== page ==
In mathematics, a set is countable if either it is finite or it can be made in one to one correspondence with the set of natural numbers.^{[a]} Equivalently, a set is countable if there exists an injective function from it into the natural numbers; this means that each element in the set may be associated to a unique natural number, or that the elements of the set can be counted one at a time, although the counting may never finish due to an infinite number of elements.
In more technical terms, assuming the axiom of countable choice, a set is countable if its cardinality (the number of elements of the set) is not greater than that of the natural numbers. A countable set that is not finite is said to be countably infinite.
The concept is attributed to Georg Cantor, who proved the existence of uncountable sets, that is, sets that are not countable; for example the set of the real numbers.
Although the terms "countable" and "countably infinite" as defined here are quite common, the terminology is not universal.^{[1]} An alternative style uses countable to mean what is here called countably infinite, and at most countable to mean what is here called countable.^{[2]}^{[3]}
The terms enumerable^{[4]} and denumerable^{[5]}^{[6]} may also be used, e.g. referring to countable and countably infinite respectively,^{[7]} definitions vary and care is needed respecting the difference with recursively enumerable.^{[8]}
A set is countable if:
All of these definitions are equivalent.
A set is countably infinite if:
A set is uncountable if it is not countable, i.e. its cardinality is greater than .^{[9]}
In 1874, in his first set theory article, Cantor proved that the set of real numbers is uncountable, thus showing that not all infinite sets are countable.^{[16]} In 1878, he used onetoone correspondences to define and compare cardinalities.^{[17]} In 1883, he extended the natural numbers with his infinite ordinals, and used sets of ordinals to produce an infinity of sets having different infinite cardinalities.^{[18]}
A set is a collection of elements, and may be described in many ways. One way is simply to list all of its elements; for example, the set consisting of the integers 3, 4, and 5 may be denoted , called roster form.^{[19]} This is only effective for small sets, however; for larger sets, this would be timeconsuming and errorprone. Instead of listing every single element, sometimes an ellipsis ("...") is used to represent many elements between the starting element and the end element in a set, if the writer believes that the reader can easily guess what ... represents; for example, presumably denotes the set of integers from 1 to 100. Even in this case, however, it is still possible to list all the elements, because the number of elements in the set is finite. If we number the elements of the set 1, 2, and so on, up to , this gives us the usual definition of "sets of size ".
Some sets are infinite; these sets have more than elements where is any integer that can be specified. (No matter how large the specified integer is, such as , infinite sets have more than elements.) For example, the set of natural numbers, denotable by ,^{[a]} has infinitely many elements, and we cannot use any natural number to give its size. It might seem natural to divide the sets into different classes: put all the sets containing one element together; all the sets containing two elements together; ...; finally, put together all infinite sets and consider them as having the same size. This view works well for countably infinite sets and was the prevailing assumption before Georg Cantor's work. For example, there are infinitely many odd integers, infinitely many even integers, and also infinitely many integers overall. We can consider all these sets to have the same "size" because we can arrange things such that, for every integer, there is a distinct even integer: or, more generally, (see picture). What we have done here is arrange the integers and the even integers into a onetoone correspondence (or bijection), which is a function that maps between two sets such that each element of each set corresponds to a single element in the other set. This mathematical notion of "size", cardinality, is that two sets are of the same size if and only if there is a bijection between them. We call all sets that are in onetoone correspondence with the integers countably infinite and say they have cardinality .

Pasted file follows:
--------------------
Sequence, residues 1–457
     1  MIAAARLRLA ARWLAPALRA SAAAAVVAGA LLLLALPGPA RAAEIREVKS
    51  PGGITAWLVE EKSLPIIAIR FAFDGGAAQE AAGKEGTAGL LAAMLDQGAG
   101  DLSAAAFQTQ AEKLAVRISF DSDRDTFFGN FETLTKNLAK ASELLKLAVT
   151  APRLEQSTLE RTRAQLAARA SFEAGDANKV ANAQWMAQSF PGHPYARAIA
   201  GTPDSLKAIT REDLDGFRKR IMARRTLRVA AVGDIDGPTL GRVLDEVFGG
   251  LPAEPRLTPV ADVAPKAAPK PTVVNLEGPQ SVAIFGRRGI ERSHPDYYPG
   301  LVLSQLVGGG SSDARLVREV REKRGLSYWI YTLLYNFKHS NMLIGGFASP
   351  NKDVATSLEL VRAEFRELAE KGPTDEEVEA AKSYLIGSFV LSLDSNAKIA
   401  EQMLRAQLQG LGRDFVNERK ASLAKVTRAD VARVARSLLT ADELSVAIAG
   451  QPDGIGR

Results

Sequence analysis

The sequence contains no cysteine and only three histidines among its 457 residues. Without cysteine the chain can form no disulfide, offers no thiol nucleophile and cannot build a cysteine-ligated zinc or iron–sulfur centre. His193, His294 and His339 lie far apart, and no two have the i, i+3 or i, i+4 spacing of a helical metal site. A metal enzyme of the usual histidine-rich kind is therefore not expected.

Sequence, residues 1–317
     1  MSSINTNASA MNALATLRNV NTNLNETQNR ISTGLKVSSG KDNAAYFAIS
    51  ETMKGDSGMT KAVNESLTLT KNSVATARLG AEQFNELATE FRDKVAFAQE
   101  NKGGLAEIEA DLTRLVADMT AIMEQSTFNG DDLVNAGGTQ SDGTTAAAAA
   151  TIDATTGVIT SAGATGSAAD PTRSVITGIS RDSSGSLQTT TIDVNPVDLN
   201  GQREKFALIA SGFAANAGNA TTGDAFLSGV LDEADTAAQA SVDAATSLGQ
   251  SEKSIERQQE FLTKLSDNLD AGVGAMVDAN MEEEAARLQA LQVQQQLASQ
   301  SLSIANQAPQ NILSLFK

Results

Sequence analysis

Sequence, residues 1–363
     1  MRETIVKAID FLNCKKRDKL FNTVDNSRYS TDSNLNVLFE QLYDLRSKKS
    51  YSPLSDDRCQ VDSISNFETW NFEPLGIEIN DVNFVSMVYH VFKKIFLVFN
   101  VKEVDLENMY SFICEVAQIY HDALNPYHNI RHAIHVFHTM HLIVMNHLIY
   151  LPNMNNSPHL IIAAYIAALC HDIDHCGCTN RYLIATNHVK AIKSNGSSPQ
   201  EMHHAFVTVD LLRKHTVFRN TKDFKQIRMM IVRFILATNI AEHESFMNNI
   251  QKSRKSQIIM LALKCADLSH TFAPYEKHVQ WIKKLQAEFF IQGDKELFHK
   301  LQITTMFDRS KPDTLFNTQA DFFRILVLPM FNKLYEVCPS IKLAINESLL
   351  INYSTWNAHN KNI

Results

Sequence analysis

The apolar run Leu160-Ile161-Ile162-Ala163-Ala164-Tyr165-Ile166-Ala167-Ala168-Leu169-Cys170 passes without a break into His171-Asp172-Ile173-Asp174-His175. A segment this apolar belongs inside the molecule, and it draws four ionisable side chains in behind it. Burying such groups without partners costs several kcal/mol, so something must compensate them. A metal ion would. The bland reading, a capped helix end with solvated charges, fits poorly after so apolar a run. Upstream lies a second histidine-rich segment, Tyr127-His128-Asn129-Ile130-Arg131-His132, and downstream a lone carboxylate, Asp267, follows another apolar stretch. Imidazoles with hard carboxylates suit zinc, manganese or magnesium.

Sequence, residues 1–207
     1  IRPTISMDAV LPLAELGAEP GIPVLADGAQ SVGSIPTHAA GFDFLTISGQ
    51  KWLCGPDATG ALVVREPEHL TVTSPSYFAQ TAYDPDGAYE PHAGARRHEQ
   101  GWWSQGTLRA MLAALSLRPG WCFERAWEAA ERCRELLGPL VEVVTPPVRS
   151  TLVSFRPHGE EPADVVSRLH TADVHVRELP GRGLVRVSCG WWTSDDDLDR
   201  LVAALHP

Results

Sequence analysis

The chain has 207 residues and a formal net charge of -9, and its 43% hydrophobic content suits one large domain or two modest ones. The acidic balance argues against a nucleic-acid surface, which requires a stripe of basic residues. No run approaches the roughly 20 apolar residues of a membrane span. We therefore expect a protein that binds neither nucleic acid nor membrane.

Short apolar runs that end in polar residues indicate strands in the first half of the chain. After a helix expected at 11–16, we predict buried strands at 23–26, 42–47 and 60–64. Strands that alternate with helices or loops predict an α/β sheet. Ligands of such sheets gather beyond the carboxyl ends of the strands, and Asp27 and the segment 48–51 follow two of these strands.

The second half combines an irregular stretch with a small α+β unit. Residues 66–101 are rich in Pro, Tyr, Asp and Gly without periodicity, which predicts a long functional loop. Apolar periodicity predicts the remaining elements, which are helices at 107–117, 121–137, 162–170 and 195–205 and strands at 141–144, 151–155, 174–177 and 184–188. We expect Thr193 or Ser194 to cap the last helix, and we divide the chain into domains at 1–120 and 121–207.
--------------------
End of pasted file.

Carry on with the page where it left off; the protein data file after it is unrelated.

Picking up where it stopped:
Georg Cantor showed that not all infinite sets are countably infinite. For example, the real numbers cannot be put into onetoone correspondence with the natural numbers (nonnegative integers). The set of real numbers has a greater cardinality than the set of natural numbers and is said to be uncountable.
By definition, a set is countable if there exists a bijection between and a subset of the natural numbers . For example, define the correspondence Since every element of is paired with precisely one element of , and vice versa, this defines a bijection, and shows that is countable. Similarly we can show all finite sets are countable.
As for the case of infinite sets, a set is countably infinite if there is a bijection between and all of . As examples, consider the sets , the set of positive integers, and , the set of even integers. We can show these sets are countably infinite by exhibiting a bijection to the natural numbers. This can be achieved using the assignments and , so that Every countably infinite set is countable, and every infinite countable set is countably infinite. Furthermore, any subset of the natural numbers is countable, and more generally:
Theorem — A subset of a countable set is countable.^{[20]}
The set of all ordered pairs of natural numbers (the Cartesian product of two sets of natural numbers, is countably infinite, as can be seen by following a path like the one in the picture: